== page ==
Thursday, November 15, 2012

Calling Forth the Restless

In my newest book, Haunted, there is a scene in which one of the characters remarks that reading or talking about ghosts will attract them to you. I hadn't been thinking about that consciously when May Parrish, my character, opened up her mouth and made that particular proclamation, but since it wound up on paper the thought must have been in me somewhere. I didn't give that specific bit of dialogue much attention until quite a bit later. And now I wonder what I was trying to tell myself.

Nonbelievers will assure me that the reason I hear more things happening in other parts of my house when I'm the only one home is that I am focusing more than usual on hearing creaks, thuds, thumps, and other disturbances. So of course, they explain, I will hear every single one of those noises, though I might not have noticed them otherwise. I suppose that is as good an explanation as any. Maybe it explains why, when I am tucked away in my office writing a ghost story, I always hear random rustlings, squeaks, and assorted sounds that pop off spontaneously and sporadically as I work. Some of these can be quite obnoxious: a heavy thud like someone dropping a cinder block in the other room, or maybe a series of creaks that suggest someone is approaching me from the other end of the house. Most of the time, if I'm working on a story, I try to ignore it. Most of the time, though, because I am working on a story, I wind up looking away from my monitor and glancing out the office door. There is never anyone there, but frequently the noises continue. And then I'll yell something like "Knock it off!" and things will quite down.

When I did newspaper writing some years ago, I had the happy annual assignment of collecting and writing up true ghost stories for the Halloween issue of the paper. I only worked on those stories during the day (while the kids were in school), and I have never forgotten the afternoon I was typing away merrily only to hear a loud bang against the inner wall of the garage, which was connected to our house. It was loud and violent enough to shake the shelf in the adjacent powder room and make the little items on it vibrate against the glass. Naturally when I got up to check, nothing had fallen over or tumbled down anywhere in the garage or in the house. I stopped writing immediately and finished the article when the whole family was home again, and the heck with the kids being in school while I worked.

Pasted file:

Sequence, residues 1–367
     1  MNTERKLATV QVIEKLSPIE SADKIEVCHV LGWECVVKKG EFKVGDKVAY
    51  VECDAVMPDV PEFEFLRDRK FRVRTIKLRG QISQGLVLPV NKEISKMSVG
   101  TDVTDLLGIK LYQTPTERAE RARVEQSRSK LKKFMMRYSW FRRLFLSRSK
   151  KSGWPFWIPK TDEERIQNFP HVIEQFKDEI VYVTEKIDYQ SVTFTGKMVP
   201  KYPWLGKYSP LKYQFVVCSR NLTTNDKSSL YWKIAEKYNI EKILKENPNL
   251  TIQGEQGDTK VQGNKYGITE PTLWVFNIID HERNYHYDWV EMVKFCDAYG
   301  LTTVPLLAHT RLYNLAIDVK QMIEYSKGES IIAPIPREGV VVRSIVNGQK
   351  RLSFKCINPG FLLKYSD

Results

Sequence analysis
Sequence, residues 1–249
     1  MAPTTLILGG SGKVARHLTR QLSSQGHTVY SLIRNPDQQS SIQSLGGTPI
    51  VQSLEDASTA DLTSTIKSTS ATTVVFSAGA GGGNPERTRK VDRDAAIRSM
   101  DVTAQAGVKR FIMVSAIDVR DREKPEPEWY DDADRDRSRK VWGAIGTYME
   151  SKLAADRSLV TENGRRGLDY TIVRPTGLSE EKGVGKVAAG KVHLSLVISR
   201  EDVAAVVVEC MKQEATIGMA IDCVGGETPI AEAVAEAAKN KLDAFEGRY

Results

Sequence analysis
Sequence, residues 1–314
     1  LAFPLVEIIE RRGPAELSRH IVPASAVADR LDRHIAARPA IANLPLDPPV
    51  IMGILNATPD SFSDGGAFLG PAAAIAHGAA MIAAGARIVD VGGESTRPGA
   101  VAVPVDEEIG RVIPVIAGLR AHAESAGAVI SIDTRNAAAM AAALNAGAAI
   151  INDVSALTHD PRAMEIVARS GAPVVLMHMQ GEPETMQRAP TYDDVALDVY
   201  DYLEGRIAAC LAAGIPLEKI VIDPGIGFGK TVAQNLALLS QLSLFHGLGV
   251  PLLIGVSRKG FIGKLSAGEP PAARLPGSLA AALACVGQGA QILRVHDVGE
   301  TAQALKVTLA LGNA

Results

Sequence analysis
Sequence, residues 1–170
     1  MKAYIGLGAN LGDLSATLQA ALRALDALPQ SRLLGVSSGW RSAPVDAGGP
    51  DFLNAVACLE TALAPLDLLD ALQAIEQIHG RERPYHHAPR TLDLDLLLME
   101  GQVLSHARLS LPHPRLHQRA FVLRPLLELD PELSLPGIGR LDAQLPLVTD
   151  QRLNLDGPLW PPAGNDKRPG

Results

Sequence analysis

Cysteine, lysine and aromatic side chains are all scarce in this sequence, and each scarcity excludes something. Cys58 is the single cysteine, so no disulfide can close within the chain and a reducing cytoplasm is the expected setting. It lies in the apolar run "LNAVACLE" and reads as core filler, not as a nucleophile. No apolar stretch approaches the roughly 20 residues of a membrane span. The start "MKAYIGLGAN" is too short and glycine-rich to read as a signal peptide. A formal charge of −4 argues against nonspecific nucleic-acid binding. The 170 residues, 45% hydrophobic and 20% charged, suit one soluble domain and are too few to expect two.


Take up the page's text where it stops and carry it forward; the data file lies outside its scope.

This whole topic got me thinking: are there certain things that do invite restless spirits? I have a daughter who has always been uneasy around wind chimes because when she was a child she believed -and shared with me- that they attract ghosts. I have always loved wind chimes myself, but I must admit that since she told me that, I always hear an undercurrent of loss or sadness or something even more unsettling coasting along on the pleasant tinkling of the small metal chimes that I have hanging just outside my front door. If my daughter is correct, I must be a bit insane to hang these things so close to the entrance of my house.

And what about music? I know music inspires a whole range of emotions in me and I wonder sometimes if music can't attract a ghost or two. It's so tightly wound into the fabric of an era, surely a Benny Goodman album or some Scott Joplin ragtime could conjure up a nostalgic spirit.

I am writing this in broad daylight with a Depeche Mode song playing on the radio and the sunlight shining on the trees outside my window, but I know later I'm going to go home and transcribe this onto my blog. I wonder how I'll feel about the topic tonight when my grandson has gone to sleep and I'm alone because Jim is out of town again? For the sake of a sleeping child, a sharp Knock it off! is probably preferable than a scream, don't you think?

Thursday, November 8, 2012

Haunted Lecture

 A few months ago, I wrote about the possibility of individual things being haunted, as opposed to actually having a haunted house. And I think I mentioned the name John Zaffis.

John Zaffis has a TV show on SyFy, for those who aren't familiar with his name, and it's called "The Haunted Collector." The show is about Mr. Zaffis's travels around the country to help people who are having, for want of a better phrase, paranormal problems. Mr. Zaffis and his team of investigators will go to the person's residence or place of business and try to determine if the problems his client is experiencing are related to items within the location. To date, he and his colleagues have rooted out weapons used to commit murder, jewelry that still had the spirit attached to it, animal bones, and at least one cursed object. And that's just a short list. Once a disturbed/disturbing object is identified, Mr. Zaffis will usually remove it and bring it back to his haunted museum, where it will be safely stored in a sort of privately owned Warehouse 13, speaking of the SyFy channel.